I want to share a vivid memory of consequence, not quite as profound as the loss of an infant, but one that reminds me of him, because he was there, if not quite there, yet:

I ripped open the sleeping bag, tore through the tent -- ignored the shoes. Keys. Truck. Driving, bouncing, lurching in the sand. Where are my glasses? Salt spray on the windshield. No sign of the two track, must have washed with the tide or lost in the pre-dawn grey. Where are my fucking glasses?

There it is! Like a shrine to the gods of oil and shit, there it stood, blue molded plastic and signature odor. A Honey Bucket never looked so inviting! Once relieved (and greatly relieved I didn't relieve myself in the truck or outside the tent within view and smell of dozens of neighbors) I drove back to the tent.

There was no one on the river. The clock read four a.m. I was surprised. Five hours ago there were fifty fisherman on this stretch of the river, most were probably snoring away their booze. I rigged my rod and headed down to the waters edge. This was the Anchor River on the southern edge of the Kenai Peninsula. A small river, wadable at almost every point, it welcomed a strong run of native and hatchery kings every spring. What the fishery lacked in the sheer size of its fish (a very large Anchor king would be considered puny on the more famous rivers to the north) it made up in charm and intimacy. The local fisherman were the meat kind and friendly. The river gave up its secrets (and migratory denizens) with trusting ease. It was all wonderful, and only open to fishing a handful of weekends a year, to allow the bulk of the run free, unmolested access to its rich breeding grounds. Which is why I was surprised no one was fishing.

I paused, the river at my feet, the cold Cook Inlet lapping the sand a hundred yards to my rear. The sun was coming around (it never fully leaves this time of year) and the gulls and eagles were warming and on the wing. I dropped my rod and began to wade up river to where I could see it. I knew instantly what it was and what it meant. It wasn't the first and would not be the last. A total of three, actually, that I would stamp my card with this season. A fish, a small King, a hen full of eggs. She was struggling in the riffle just above my favorite hole, on her side, then righted and pumping, then sideways, washed down on her side again, then up and fighting again. She was dead, but refused to relinquish those primordial urges to swim, always upstream, to fight, to spawn. It is written in her DNA. It is coded in her tiny brain, exactly how is still a mystery to science. But it is there and it urges her on. She will not make it.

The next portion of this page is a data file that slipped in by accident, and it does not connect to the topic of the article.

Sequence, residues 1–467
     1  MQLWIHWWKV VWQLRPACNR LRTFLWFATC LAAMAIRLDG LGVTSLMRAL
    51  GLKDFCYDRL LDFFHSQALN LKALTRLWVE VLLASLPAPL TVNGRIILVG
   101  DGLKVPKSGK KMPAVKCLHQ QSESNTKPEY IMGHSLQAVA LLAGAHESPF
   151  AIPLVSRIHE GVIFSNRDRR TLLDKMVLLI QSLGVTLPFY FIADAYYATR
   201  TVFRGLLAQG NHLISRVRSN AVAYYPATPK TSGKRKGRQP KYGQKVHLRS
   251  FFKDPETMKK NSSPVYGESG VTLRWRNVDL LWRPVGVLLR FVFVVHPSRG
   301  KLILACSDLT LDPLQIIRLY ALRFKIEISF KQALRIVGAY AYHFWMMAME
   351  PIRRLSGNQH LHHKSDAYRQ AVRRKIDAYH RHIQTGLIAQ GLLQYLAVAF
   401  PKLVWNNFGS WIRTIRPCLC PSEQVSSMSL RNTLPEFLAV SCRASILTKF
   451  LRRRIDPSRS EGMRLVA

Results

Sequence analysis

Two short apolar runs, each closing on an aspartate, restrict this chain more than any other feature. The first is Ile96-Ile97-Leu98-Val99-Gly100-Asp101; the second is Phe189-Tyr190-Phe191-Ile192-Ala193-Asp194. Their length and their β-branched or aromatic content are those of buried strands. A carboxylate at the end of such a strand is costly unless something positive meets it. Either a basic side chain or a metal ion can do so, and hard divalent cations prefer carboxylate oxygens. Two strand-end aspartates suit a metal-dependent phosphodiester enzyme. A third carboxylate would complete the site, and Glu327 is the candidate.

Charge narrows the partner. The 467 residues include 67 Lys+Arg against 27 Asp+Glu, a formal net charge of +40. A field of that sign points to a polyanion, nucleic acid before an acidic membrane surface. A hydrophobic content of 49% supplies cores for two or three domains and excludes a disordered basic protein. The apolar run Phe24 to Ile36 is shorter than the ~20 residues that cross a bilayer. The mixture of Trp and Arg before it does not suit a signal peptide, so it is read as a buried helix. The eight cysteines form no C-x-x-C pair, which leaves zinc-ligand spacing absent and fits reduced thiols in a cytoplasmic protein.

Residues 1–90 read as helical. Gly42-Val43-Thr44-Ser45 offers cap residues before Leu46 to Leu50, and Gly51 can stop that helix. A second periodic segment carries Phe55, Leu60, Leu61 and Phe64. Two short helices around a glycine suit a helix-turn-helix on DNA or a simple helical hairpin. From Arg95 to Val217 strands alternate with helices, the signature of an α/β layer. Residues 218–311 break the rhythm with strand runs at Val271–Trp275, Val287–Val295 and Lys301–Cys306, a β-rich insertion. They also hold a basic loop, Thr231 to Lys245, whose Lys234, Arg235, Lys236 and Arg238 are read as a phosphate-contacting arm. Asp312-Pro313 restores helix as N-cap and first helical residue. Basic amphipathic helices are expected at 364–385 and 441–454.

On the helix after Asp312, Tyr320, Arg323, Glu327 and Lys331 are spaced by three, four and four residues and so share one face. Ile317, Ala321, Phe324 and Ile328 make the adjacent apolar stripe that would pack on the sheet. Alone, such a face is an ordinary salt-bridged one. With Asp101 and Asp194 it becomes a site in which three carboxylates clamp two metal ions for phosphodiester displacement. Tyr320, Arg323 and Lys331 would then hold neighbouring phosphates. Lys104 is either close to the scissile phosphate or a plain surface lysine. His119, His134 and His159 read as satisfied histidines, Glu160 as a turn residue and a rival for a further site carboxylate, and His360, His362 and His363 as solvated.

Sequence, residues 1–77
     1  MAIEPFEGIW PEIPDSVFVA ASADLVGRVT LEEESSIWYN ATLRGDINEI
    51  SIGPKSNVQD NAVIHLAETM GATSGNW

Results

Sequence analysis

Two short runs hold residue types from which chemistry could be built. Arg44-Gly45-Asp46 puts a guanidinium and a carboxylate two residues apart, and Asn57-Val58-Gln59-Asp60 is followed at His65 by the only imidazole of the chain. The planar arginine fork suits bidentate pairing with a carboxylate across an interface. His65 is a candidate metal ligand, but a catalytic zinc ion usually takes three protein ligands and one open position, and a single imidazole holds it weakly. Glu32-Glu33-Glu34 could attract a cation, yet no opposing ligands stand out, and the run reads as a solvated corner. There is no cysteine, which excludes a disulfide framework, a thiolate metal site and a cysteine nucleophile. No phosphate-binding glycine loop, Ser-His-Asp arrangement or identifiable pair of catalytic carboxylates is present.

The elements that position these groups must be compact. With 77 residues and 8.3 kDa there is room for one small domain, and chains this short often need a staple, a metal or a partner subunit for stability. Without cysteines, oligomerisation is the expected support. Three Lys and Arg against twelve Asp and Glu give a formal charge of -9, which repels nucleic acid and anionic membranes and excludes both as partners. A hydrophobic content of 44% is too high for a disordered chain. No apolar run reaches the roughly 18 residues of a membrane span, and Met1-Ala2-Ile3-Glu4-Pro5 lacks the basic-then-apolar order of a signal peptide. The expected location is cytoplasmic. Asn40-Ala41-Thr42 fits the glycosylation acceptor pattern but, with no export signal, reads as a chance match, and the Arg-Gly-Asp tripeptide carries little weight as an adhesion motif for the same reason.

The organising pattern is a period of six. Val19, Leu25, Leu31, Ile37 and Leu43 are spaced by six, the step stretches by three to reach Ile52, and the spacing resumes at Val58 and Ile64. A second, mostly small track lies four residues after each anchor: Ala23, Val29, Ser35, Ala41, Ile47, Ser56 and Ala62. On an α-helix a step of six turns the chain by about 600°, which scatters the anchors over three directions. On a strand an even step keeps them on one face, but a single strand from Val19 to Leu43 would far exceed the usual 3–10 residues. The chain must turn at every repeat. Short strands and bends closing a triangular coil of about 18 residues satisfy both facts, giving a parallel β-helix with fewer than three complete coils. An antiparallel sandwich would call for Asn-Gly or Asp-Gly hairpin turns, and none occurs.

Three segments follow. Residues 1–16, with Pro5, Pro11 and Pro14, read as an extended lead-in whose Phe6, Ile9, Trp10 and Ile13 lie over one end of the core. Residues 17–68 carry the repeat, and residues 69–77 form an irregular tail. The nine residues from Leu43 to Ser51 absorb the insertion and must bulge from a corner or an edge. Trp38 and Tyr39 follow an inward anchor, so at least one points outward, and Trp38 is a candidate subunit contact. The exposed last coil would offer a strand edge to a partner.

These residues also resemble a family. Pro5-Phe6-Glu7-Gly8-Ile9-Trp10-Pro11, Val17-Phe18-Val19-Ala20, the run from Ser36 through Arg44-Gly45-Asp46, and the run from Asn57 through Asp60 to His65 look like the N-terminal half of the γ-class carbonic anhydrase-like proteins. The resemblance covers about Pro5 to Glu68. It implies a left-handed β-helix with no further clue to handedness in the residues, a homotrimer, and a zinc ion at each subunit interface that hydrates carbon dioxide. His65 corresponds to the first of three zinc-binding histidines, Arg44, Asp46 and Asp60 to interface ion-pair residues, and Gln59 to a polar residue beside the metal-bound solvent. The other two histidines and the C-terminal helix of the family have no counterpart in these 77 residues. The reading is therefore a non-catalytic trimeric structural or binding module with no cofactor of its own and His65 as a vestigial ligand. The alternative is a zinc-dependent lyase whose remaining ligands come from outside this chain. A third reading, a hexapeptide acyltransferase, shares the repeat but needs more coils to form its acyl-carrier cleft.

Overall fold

Last weekend I found another hen, exactly like this one, in this riffle, and spent an hour trying to revive her. It was futile, but I tried and tried, gently, desperately. In the end I walked back to camp with her, not squared and proud like usual, not this one. I walked with my head down, with work to do. I filleted her and sent her rich, nutrient rich carcass back to the gulls and eagles. This time I did not even try.

Both of these fish had been caught before, that is how they got this way. On the Anchor an individual is allowed to keep one fish per day, then he or she must stop fishing. Many anglers, myself included, who hook a salmon they do not wish to keep, simply release them back into the water and continue to fish, quite legally. Many anglers release fish that they have no business releasing, fish they played too hard, hooked too deep, fish that would not survive.

Bodio, in the same essay, "Stuck with Consequence," wrote, "Releasing a trout still leaves a mark on the river" (1998, p. 14). In this case, it left a mark on me. My family and I ate that fish. We nourished from it, enjoyed it, used it, and for a time, quite literally, we were that fish. And still are.

I was done fishing that day, for at four a.m. I marked my card and filleted my fish. The following day, however, I caught my own. A shining bright hen, chrome, firm. I reached my fingers into the gills of this fish and pulled sharp and hard. Her blood, crimson mercury in your hand, turned water to wine, a miracle of life, and death just a part of it all. Bled out, I walked her to the fire, where new friends, full of life and fish and beer and sweat, had thrown in an iron skillet. Butter, salt, pepper, fillet, and just a splash of soy sauce. She burned our mouths, our blood, our guts. Our minds were drunk with hot salmon, fresh, steam like smoke from this consumation of life and death and living and loving.

I remember her, she meant something. Raw life, unadorned, unadulterated, pure, essential, passing from one to another, everchanging, always the same.